**Arne Ludwig, Matthias Rost, Damien Foucard (TU Berlin), Stefan Schmid (TU Berlin and T-Labs, Germany)**Presenter: Arne Ludwig

Arne notes that networks are becoming more and more dynamic, partly an effect of SDN. And network updates happen for a variety of reasons, for example, due to changing policies. How do network updates impact security? For example, we don't want path changes to allow bad packets to bypass network firewalls. That leads into the motivating example of waypoint enforcement, where we want all packets of a flow to pass through a network box (say a firewall). It is easy to build scenarios (like the example in the talk) where the paths before and after the network update pass through the network box, and there are no loops in either configuration, but when changing from using one path to another both these problems can occur.

Arne notes that we can simplify the model under consideration to involve only nodes in the intersection of the old and new paths because other nodes can be updated without issue. Of primary concern in this work, are the properties of waypoint enforcement (WPE) and loop-freedom (LF).

At the core of the problem is that we cannot update network configurations "simultaneously"? This is not possible in practice; and the time between an update being issued and it taking effect varies a lot (as past work has shown). But can we plan a sequence of updates such that at each step we have WPE and LF? This is the question this work addresses.

The overall idea is to organize the update process in a series of rounds, such that within a round of updates, the order of updates will not break WPE and LF, and then figuring out how to order the rounds, still while preserving WPE and LF. The goal then, is to minimize the number of rounds (to cut the time during which the network is transient, and thus prevent negative effects on traffic.) The paper shows that a greedy approach which attempts to maximize the number of updated links within a round is both incorrect (sometimes fails to find a solution, even when one exists) and inefficient.

More broadly, this work shows that WPE and LF are in conflict, and in general, a solution while enforcing both at each step does not always exist. To guarantee the discovery of a solution when one exists, the authors frame the problem as a Mixed-Integer program with the objective of minimizing the number of rounds, the constraints building in the LF and WPE properties. The MIP either yields an optimal solution, or reveals that an instance is not solvable. The MIP's complexity is large though, leaving scenarios where the MIP leaves the instance unclassified. Arne discussed their analysis of how often the MIP find a solution when the greedy approach fails, and how often the MIP leaves an instance unresolved due to time complexity. The greedy approach finds the solution in ~80% of the instances offered. The MIP solves a few percent additional cases. As the number of switches increases, the number of unclassified cases increases (due to increasing complexity).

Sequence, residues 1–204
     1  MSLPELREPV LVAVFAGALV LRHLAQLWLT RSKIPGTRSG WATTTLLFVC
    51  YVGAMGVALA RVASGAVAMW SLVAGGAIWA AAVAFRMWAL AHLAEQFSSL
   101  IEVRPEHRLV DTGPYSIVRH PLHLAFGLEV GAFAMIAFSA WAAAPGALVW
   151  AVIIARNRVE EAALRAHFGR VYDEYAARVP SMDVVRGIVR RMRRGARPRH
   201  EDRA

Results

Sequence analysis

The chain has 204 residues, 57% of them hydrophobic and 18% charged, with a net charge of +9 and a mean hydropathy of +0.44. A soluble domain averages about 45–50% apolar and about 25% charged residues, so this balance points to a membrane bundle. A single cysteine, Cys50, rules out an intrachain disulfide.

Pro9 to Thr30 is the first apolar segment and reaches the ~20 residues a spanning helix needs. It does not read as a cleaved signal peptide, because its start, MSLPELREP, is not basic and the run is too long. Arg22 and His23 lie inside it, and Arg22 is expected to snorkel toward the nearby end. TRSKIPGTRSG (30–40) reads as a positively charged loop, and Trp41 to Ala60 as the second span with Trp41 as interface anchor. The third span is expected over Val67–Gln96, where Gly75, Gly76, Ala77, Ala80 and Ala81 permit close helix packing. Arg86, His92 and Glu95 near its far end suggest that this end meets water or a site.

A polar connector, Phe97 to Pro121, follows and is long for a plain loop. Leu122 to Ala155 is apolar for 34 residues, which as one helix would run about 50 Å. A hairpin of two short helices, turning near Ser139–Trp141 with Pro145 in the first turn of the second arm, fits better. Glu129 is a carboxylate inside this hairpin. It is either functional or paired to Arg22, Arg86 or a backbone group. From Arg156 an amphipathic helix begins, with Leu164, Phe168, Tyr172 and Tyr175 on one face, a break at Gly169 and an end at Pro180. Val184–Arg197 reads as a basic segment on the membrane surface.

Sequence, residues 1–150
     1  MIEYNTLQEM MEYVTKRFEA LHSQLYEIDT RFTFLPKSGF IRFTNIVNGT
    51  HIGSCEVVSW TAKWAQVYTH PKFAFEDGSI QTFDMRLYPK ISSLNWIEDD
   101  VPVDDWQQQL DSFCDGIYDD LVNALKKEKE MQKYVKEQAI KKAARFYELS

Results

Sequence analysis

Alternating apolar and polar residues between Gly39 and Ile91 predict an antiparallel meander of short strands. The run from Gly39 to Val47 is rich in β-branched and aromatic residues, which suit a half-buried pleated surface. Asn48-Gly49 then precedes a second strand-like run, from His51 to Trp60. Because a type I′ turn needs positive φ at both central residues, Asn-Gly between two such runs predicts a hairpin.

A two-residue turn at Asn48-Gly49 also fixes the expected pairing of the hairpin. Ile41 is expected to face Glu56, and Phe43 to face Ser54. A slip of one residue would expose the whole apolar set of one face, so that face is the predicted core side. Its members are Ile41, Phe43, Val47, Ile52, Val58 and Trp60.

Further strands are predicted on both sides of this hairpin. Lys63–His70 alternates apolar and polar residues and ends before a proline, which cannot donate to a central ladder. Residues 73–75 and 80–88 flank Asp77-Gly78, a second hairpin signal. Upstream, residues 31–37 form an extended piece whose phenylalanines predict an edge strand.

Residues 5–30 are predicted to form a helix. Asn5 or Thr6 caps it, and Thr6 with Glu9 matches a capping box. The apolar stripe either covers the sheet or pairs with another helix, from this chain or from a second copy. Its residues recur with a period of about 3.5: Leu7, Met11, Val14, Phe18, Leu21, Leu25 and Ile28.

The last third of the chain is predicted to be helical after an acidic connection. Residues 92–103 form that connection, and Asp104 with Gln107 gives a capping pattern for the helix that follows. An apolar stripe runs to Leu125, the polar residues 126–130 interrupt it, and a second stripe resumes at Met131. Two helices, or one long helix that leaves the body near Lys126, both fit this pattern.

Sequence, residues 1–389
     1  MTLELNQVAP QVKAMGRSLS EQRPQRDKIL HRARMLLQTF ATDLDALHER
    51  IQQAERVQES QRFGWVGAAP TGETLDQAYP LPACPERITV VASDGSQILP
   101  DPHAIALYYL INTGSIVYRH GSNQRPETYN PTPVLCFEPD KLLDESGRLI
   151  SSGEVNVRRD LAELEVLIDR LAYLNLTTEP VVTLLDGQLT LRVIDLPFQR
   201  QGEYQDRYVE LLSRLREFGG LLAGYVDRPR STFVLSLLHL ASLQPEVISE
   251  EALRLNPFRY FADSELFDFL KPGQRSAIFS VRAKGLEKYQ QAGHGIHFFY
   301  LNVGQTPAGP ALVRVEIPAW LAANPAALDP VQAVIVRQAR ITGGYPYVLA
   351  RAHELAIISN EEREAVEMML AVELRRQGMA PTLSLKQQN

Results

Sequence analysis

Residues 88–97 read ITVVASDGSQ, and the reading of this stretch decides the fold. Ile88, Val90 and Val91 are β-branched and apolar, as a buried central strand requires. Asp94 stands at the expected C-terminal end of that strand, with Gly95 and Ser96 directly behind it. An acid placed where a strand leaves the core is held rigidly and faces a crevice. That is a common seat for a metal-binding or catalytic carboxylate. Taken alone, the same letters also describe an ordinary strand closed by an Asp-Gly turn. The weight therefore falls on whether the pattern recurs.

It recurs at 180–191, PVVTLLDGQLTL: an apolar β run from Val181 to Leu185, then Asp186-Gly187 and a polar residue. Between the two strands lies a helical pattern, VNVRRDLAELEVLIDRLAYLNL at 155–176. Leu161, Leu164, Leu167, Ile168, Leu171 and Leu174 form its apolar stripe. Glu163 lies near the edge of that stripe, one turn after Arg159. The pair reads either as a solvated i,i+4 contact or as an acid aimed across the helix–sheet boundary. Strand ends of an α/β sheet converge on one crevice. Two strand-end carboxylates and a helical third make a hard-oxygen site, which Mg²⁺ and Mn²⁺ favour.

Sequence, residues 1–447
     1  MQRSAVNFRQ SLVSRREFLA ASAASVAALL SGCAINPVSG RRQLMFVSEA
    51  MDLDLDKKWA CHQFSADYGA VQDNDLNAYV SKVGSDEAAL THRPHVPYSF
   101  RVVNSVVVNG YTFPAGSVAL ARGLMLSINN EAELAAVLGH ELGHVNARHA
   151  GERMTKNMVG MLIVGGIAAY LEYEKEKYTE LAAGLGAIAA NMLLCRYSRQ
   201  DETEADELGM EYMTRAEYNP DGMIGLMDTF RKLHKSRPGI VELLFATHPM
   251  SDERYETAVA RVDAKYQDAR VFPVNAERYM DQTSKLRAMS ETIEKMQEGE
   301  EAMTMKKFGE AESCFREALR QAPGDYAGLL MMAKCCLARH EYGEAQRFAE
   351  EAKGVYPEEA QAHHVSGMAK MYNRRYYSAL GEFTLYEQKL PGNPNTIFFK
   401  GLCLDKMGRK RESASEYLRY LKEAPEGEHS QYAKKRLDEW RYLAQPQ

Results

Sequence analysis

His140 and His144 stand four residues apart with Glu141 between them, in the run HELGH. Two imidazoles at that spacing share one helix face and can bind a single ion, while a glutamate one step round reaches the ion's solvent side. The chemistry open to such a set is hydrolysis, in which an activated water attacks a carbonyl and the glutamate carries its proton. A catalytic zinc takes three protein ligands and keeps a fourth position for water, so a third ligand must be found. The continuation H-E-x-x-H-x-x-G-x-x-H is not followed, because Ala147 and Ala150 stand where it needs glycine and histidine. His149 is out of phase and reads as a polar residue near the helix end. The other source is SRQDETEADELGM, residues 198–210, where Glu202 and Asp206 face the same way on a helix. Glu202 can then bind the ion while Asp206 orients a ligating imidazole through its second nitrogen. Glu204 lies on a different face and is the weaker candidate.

The overall conclusion of this work is that update sequences guaranteeing WPE and LF simultaneously are hard to find (and sometimes do not exist) and sometimes, "maybe we should just concentrate on the security part" (presumably, tolerating transient loops).

Q: What happens if we have more than one waypoint?

A: We're currently working on this; it's not an easy problem.

Q: As the number of switches increases, the MIP doesn't seem to work. Should we just use greedy?

A: The MIP does find a solution in many scenarios where greedy doesn't work.

Q: Did you look at the union of when MIP and greedy find solution?

A: All scenarios solvable with greedy were also solvable by MIP, except due to problem size.

Q: (Andrew Ferguson) Does the structure of the network have an impact on whether you can find a solution?

A: We don't consider the full topology; our model allows us to look only at the switches on the paths under consideration.

Q: Have you compared your algorithms with techniques based on dependency graphs?

A: Dependencies between updates? We haven't looked into that for the MIP, but finding a better / faster algorithm based on these dependencies is something we're looking into.

Q: Can you go through additional nodes to solve the unsolvable instances?

A: The current MIP wouldn't handle that, but if we had knowledge of the topology and the other paths available, we could look into this.